Freedom to Grow

The freedom to fail is such an important concept to grasp no matter the ages of your children.  As parents, we need to reshape our definition of “failure.”  This article, written by one of our Contact Moms and her husband, points out positive lessons that can be learned from life’s challenging moments.

A teenage boy crying

Freedom To Grow

Do you give your children the freedom to fail or make mistakes?  Or more appropriately, do you allow them freedom to grow with personal responsibility and ownership?
Whether you are a child or an adult, failure is not failure if you learn and grow from it.  As parents, it’s especially difficult for us to see our children suffer frustration, experience emotional pain or the discomfort that comes with failing or making mistakes.  However, in order for our children to grow and mature, they must be given the freedom to fail in order to learn from life’s challenges and take (age appropriate) ownership and responsibility for themselves.
Here are a few common areas that we’ve seen parents intervene in their kids’ lives for fear that their child/teen may fail or make a mistake(s):
School work – Not allowing your kids to do their school work and learn the material.  We know many parents who actually do their kids’ school assignments, rather than have them get sub par grades.
Activities/Athletics – Not allowing them to experience the “thrill of victory and the agony of defeat” without them having the fear of disappointing Mom or Dad.
Advocating for themselves – Not allowing your child/teen to respectfully advocate for themselves with teachers, coaches, and other adults.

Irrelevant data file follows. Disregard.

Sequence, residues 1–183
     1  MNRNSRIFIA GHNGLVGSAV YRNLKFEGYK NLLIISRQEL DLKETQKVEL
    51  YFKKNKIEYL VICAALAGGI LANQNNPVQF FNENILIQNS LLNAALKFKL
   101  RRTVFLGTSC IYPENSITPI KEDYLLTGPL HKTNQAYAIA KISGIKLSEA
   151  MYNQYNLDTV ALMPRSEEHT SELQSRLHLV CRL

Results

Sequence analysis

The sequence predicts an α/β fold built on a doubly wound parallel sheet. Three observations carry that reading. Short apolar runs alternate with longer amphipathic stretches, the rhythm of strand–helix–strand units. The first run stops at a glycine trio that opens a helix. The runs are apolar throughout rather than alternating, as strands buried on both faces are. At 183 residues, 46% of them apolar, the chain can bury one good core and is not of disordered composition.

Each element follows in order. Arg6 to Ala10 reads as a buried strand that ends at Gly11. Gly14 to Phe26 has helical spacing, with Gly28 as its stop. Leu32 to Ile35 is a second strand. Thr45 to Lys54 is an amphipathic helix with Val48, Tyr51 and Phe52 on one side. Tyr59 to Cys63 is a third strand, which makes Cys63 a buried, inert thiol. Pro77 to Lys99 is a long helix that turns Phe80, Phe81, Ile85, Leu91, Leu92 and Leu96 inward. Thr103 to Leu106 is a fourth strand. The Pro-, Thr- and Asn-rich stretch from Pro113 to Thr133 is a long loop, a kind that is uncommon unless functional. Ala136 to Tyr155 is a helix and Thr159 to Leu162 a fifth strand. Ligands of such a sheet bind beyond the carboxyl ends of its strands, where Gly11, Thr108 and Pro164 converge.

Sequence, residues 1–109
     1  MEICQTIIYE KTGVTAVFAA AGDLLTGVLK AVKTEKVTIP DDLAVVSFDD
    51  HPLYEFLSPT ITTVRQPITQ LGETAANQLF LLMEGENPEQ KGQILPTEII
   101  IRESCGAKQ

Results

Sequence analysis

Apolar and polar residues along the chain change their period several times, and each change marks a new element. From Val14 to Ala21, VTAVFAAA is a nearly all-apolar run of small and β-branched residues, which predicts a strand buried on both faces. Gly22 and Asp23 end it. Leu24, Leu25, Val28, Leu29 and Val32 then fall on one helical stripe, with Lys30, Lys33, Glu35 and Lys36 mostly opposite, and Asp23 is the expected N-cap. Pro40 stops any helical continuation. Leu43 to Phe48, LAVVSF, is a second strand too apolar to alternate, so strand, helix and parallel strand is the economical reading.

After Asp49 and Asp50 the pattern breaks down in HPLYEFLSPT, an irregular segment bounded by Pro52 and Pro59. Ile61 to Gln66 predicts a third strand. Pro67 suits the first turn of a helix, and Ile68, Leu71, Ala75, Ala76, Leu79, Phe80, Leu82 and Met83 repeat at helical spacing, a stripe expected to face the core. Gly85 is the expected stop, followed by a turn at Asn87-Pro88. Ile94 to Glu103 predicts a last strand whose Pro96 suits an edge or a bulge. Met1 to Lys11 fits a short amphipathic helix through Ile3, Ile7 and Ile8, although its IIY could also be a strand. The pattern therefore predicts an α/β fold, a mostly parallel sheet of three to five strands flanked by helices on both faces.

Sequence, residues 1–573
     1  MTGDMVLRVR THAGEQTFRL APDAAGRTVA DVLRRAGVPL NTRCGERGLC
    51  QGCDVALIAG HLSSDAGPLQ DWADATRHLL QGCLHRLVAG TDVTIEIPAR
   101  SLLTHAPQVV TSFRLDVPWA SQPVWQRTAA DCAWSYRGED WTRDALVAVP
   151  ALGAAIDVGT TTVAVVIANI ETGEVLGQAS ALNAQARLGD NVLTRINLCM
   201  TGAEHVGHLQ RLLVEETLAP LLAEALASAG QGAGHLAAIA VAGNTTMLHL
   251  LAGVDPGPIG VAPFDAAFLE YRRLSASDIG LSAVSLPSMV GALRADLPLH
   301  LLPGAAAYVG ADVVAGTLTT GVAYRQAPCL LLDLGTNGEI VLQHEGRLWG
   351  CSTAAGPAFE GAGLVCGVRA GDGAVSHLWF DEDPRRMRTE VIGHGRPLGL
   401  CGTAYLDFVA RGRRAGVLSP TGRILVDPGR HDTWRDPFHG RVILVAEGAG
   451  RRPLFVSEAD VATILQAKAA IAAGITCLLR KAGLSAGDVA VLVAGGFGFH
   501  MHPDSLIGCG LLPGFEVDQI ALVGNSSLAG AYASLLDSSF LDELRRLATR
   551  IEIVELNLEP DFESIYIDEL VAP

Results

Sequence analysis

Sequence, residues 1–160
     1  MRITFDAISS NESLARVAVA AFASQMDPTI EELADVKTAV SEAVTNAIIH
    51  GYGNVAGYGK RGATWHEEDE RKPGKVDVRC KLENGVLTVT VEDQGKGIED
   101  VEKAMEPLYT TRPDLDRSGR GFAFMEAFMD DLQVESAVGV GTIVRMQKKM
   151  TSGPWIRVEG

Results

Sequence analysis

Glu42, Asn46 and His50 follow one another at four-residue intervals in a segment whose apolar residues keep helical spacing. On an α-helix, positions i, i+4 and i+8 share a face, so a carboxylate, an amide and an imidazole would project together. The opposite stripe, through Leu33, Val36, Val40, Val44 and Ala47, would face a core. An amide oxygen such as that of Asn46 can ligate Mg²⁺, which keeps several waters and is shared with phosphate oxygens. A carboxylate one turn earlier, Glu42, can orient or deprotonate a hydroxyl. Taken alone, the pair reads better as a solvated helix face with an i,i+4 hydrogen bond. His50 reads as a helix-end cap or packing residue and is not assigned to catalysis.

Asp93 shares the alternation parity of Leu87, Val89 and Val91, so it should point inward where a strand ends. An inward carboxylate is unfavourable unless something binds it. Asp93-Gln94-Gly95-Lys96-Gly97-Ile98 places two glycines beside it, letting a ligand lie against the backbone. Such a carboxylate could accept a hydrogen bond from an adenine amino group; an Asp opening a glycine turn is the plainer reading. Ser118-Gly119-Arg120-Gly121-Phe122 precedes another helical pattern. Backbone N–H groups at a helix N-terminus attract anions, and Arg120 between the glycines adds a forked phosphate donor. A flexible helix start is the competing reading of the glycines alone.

Of course, all of these areas need some measure of parental oversight.  But the general idea is to allow them the freedom to grow as they take ownership and responsibility for themselves.  Just know that they will make some mistakes and “fail” in certain situations, but they will experience success as well.  Additionally, failed attempts and mistakes also provide the perfect opportunity to help kids learn to not make excuses, to not blame others (teachers, coaches, parents, etc.) and to learn to overcome obstacles.  This ultimately makes them more resourceful, resilient, thoughtful and able to cope when things don’t go their way through personal responsibility and ownership.
As our boys have grown in ownership and responsibility for themselves, these are some guidelines we’ve used to assist them in their growth:
1)  Listen and let them tell you how they will grow from the experience.  Depending upon their age, you may need to prompt them with some ideas or thoughts, but encourage them on the insights they discover from the mistake or “failing.”
2)  Offer a related/similar example from your past where you may have had a similar experience.  Knowing that mom and/or dad went through something similar always comforts and encourages.
3)  If possible, revisit the experience at a later date and examine the positives that came from the experience.
Allowing your children the freedom to grow while they are young and in a loving environment, will help them to prepare and mature, in the long run, for when they face challenges as young adults.   It will build their self-confidence and diminish their fear of failure or of failing someone.  Allowing your child/teen the freedom to grow from failure will help them to become more responsible, confident and accountable for their own lives.
Blessings to your family,
Shelly & Rich



Used with permission.  Copyright © 2016 HeadwatersLife, All rights reserved.


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